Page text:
By Jasmine Obeyesekere Fernando

The Story of Tamar: Cherishing victims in a #metoo era

Stories of women experiencing rape and sexual abuse cut to our souls. Being female, many of us personally know women who have been sexually abused. We may have been abused ourselves, and many have endured sexual abuse as children.  This violation is often compounded with the silence that accompanies the experience because of the shame attached to the victim. In contrast, we have an Old Testament story where a brother’s love, honor, and cherishing of his violated sister capture God’s own heart for victims of abuse, challenging our own attitudes of pretending that the abuse does not exist or even of blaming the victims.  

The poignant story of Tamar, daughter of King David, is recorded in 2 Samuel 13. Tamar, a beautiful virgin, had been sent to her half-brother Amnon’s house by their father, David, who is taken in by Amnon’s elaborate charade that he is ill and would be cheered up by a visit from his half-sister and a special meal. When Tamar arrives, Amnon dismisses his household, grabs Tamar, and asks her to sleep with him. Tamar refuses. She emphasizes that it would bring her disgrace and that his reputation, too, would be at stake. She pleads with him to speak to the king, so that if Amnon really desires her, the king might give his consent to their marriage. “But he refused to listen to her, and since he was stronger than she, he raped her” (2 Sam 13: 14).

Rape is not the victim’s fault.

Why is Tamar raped? Because she is beautiful. Because Amnon is unwilling to give up his obsession with her. Because Amnon’s shrewd cousin connives to help his patron get what he wants. Because David is inattentive and can’t read his son or protect his daughter. The Biblical record never suggests that Tamar is to be blamed in any way. Rather, Amnon alone is culpable, inflamed by his feelings for her.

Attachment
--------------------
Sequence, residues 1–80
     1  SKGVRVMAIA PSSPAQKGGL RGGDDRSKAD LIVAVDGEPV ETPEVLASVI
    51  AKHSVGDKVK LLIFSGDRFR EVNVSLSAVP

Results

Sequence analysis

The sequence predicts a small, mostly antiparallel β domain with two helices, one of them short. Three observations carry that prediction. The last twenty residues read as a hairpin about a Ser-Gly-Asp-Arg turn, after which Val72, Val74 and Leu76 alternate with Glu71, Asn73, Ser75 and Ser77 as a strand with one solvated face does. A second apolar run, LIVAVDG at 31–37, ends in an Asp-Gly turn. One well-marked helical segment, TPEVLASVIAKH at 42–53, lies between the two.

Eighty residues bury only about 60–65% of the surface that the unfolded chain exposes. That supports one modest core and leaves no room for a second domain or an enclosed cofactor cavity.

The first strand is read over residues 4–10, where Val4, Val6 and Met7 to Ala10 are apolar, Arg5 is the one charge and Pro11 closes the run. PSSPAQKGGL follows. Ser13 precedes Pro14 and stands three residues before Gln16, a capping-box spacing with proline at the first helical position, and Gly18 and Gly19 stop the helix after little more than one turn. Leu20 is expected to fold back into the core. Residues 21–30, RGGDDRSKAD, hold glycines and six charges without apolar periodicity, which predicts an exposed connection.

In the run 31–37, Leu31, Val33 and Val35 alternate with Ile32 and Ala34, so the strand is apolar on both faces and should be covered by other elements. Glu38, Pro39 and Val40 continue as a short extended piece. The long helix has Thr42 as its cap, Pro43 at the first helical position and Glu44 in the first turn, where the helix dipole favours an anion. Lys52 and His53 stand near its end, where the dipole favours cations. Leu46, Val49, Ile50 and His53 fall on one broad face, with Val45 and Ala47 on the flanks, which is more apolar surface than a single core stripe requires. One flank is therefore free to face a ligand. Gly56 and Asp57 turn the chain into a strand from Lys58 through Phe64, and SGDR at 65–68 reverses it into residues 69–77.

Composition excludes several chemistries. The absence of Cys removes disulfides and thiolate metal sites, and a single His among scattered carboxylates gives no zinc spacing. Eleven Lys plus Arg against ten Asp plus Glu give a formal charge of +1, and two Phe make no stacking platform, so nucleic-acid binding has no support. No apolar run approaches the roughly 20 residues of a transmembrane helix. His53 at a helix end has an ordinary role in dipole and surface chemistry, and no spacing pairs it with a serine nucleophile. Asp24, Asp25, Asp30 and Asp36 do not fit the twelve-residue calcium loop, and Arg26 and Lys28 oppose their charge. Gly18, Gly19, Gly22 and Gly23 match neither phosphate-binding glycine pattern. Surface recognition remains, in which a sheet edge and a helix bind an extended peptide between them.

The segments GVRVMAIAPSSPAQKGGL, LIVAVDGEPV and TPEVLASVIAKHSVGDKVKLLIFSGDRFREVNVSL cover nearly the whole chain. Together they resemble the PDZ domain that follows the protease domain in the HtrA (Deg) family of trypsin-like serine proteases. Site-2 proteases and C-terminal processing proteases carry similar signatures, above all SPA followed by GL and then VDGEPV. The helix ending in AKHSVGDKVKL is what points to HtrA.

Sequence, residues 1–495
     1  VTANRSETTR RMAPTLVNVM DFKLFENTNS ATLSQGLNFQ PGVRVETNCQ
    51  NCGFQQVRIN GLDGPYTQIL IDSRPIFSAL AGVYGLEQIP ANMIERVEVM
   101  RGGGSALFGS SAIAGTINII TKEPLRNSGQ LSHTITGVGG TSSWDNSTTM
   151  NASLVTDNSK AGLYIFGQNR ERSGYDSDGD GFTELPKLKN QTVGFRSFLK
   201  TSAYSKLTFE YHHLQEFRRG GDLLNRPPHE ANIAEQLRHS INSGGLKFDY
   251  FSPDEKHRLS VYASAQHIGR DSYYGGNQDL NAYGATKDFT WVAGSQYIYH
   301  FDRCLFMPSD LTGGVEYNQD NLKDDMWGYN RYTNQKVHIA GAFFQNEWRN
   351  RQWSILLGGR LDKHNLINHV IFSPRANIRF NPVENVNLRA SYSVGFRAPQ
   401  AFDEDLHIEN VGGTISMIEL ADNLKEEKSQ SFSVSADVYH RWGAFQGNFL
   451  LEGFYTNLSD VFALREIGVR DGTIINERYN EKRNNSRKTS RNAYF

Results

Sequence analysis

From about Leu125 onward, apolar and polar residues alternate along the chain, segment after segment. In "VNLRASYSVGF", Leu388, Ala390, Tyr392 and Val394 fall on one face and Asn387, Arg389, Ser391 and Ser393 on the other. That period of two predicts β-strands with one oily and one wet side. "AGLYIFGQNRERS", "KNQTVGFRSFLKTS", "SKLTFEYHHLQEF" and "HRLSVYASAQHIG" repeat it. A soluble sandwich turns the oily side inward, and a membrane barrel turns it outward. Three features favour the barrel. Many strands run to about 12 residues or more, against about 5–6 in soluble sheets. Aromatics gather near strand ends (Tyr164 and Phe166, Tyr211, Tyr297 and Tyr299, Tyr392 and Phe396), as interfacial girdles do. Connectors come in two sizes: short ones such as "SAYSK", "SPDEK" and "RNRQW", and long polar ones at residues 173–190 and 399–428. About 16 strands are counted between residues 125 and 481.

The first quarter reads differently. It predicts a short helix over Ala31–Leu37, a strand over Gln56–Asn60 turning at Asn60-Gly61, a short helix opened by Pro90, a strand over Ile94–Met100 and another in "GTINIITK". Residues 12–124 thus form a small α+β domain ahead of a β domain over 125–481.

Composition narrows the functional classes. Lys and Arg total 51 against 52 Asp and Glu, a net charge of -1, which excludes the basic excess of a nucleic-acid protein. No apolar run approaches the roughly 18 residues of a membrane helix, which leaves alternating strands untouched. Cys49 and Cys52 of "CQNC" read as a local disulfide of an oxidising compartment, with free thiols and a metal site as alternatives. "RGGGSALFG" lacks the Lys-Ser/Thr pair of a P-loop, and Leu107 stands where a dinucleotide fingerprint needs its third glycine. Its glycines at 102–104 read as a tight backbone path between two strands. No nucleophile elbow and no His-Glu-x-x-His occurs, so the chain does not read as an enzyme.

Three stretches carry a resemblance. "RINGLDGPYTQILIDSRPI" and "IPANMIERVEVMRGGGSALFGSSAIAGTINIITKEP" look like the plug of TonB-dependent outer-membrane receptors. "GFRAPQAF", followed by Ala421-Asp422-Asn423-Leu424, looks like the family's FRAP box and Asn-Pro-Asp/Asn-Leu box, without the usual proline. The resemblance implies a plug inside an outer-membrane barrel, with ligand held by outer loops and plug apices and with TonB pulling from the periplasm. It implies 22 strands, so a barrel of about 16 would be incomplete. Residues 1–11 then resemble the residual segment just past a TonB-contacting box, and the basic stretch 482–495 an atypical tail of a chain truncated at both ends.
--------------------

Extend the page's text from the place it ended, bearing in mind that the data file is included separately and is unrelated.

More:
“Since he was stronger than she, he raped her” — a physically, emotionally, and psychologically traumatic experience is recorded in half a sentence. Once Amnon rapes Tamar, he feels a great loathing for her , in fact “he hated her more than he had loved her.” He has her thrown out of his house. Tamar tries to tell him that sending her away is worse than the rape. She may have preferred a wedding and social acceptance rather than the humiliation of a public scandal and enforced singleness and shunning. Having satiated himself, Amnon does not care that Tamar will pay the consequences of his actions. The “in-love”-ness he professed proves to be a fleeting physical passion. Tamar is now no longer marriageable. Her lack of culpability is irrelevant.  While most young girls of her time would expect to be married and have families of their own, Tamar’s rape guaranteed that she would permanently remain “a desolate woman.”